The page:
Why Comcast Won’t Be Getting a Christmas Card From Me This Year
Three years ago, I did a major re-org of my home technology. I wrote two blog entries on my old tech blog (Evolution and Living The Evolved Digital Life) about how I cut the cable (or at least trimmed it), by downgrading my service from Comcast to the bare minimum. For the last three years, I’ve paid only for the lowest tier basic cable (local channels + Discovery Channel + Northwest Cable News). There have been a few shows/channels we’ve missed, but for the most part, we’ve been just fine. We watch a lot of stuff via NetFlix, both through Instant Watch and DVD rentals, and occasionally we’ll watch something on Hulu. We’ve gotten used to being a year behind on most of the popular shows (don’t tell me what happening in this year’s Breaking Bad or Mad Men or Sons Of Anarchy), but all-in-all, it really works for the style of life we lead.
When I was making those changes, we also set up our home PC with Windows Media Center as our DVR. For the last three years, that’s worked just great. Instead of paying $10 a month for a DVR rental to Tivo or Comcast, we’ve paid nothing. Well there was the initial set up cost of about $75, if I recall correctly, but beyond that, it’s been “free”.
One of the other things we did was to replace our old TVs with new, flat screen TVs. A lot of people have done that, and all the new TV’s have digital tuners in them. Since Comcast has been sending out both the regular, and an HD feed for the local channels, we’ve been able to take advantage of that as well. Nearly all of the stations in my area record and broadcast in HD, so for Comcast to send out the Low-Def signal, they actually have to downgrade it from the regular HD.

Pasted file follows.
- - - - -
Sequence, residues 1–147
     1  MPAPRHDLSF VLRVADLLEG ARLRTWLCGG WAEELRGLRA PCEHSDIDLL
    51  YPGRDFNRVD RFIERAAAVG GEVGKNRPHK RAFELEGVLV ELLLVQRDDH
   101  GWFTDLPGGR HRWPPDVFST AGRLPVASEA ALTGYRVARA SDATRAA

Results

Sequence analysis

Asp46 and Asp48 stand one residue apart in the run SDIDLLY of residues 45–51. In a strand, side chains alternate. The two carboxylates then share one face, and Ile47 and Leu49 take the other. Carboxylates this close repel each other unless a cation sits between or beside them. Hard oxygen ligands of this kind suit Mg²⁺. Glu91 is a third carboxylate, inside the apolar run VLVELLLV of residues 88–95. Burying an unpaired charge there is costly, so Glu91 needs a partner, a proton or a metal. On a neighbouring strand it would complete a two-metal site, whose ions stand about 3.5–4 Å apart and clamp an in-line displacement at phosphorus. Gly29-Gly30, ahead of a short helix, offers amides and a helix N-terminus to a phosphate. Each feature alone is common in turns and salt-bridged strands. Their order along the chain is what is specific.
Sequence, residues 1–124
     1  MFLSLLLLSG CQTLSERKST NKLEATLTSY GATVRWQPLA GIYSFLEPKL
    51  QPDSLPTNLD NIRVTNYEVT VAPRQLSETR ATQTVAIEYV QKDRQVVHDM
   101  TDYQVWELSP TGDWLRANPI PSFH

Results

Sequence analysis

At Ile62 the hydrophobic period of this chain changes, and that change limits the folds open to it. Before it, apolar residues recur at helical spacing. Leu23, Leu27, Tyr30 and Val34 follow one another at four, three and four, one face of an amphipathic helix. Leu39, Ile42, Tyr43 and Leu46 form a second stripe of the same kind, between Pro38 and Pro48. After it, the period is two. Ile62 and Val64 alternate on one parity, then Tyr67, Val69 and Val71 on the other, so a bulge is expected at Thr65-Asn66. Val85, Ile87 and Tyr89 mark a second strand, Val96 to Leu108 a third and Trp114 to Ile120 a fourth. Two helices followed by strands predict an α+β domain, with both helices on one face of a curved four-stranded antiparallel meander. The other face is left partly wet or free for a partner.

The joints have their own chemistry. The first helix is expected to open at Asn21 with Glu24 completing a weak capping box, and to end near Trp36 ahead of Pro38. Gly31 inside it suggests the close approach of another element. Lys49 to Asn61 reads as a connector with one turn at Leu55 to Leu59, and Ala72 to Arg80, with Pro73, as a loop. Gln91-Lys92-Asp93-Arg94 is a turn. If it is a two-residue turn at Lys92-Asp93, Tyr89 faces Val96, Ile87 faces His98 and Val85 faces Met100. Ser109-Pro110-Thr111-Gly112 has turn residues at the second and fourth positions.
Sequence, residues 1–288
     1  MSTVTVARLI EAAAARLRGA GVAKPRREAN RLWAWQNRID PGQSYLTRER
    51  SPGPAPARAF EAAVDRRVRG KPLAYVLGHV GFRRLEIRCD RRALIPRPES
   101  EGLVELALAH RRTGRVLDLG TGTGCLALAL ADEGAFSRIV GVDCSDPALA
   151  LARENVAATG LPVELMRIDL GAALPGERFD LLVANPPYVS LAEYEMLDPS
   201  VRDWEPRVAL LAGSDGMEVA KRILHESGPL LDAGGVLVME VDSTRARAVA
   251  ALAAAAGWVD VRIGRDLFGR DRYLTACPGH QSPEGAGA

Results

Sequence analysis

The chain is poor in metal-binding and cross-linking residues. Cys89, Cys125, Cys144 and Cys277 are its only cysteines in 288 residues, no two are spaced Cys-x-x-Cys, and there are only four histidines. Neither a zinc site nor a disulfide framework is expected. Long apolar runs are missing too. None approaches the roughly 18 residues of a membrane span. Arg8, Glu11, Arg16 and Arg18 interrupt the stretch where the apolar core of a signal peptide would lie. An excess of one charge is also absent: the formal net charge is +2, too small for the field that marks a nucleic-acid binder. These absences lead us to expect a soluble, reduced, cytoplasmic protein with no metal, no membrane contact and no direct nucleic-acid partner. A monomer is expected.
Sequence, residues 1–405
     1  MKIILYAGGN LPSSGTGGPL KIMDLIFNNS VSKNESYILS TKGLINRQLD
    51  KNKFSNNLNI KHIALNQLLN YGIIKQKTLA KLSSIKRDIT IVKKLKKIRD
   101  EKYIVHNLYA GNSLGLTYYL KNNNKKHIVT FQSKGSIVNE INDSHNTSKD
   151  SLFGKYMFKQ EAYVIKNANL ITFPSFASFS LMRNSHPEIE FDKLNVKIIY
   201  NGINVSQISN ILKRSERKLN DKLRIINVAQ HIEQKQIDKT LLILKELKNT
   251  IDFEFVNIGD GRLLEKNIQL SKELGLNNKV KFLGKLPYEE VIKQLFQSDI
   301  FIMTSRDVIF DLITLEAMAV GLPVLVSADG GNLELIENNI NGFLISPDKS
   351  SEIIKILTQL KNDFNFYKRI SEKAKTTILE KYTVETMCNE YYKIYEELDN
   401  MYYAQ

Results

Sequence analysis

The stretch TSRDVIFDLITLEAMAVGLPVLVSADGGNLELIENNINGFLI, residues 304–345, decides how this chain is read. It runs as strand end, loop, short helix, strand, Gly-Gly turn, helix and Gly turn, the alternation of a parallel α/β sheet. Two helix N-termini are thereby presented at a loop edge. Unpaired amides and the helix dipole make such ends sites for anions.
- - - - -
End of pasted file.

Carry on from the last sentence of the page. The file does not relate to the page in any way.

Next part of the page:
For the last couple of months, there’s been a warning coming up on our screen that as of 12/11/2012, Comcast would be sending out Digital Only broadcasts via the cable—the old analog signal would be removed. In order to continue to receive their transmissions, we would need to acquire (from them) a new Digital Transmission Adapter or DTA, also known as a Set-Top Box. We ordered the boxes, but we didn’t install them, hoping that since our TVs (and the tuner card in our computer / DVR) were already digital, that we wouldn’t need to install them.
Alas, December 11, 2012 arrived, and we began to receive a message on all former analog channels that we needed to contact Comcast to get our DTAs. But the HD channels we were getting before, continued to come through. We stopped receiving channels which had no HD equivalent (Discovery, NWCN, KCTS) altogether. I bit the bullet, and installed the DTA on our TV, only to discover the following:
- All signals were now low-definition, even if the native channel was HD.
- Our Windows Media Center PC would not be able to function as a DVR any longer if we installed the DTA, because the DTA had to change the channel, and with the equipment I had, I didn’t have a way to interface the DTA with Media Center for control.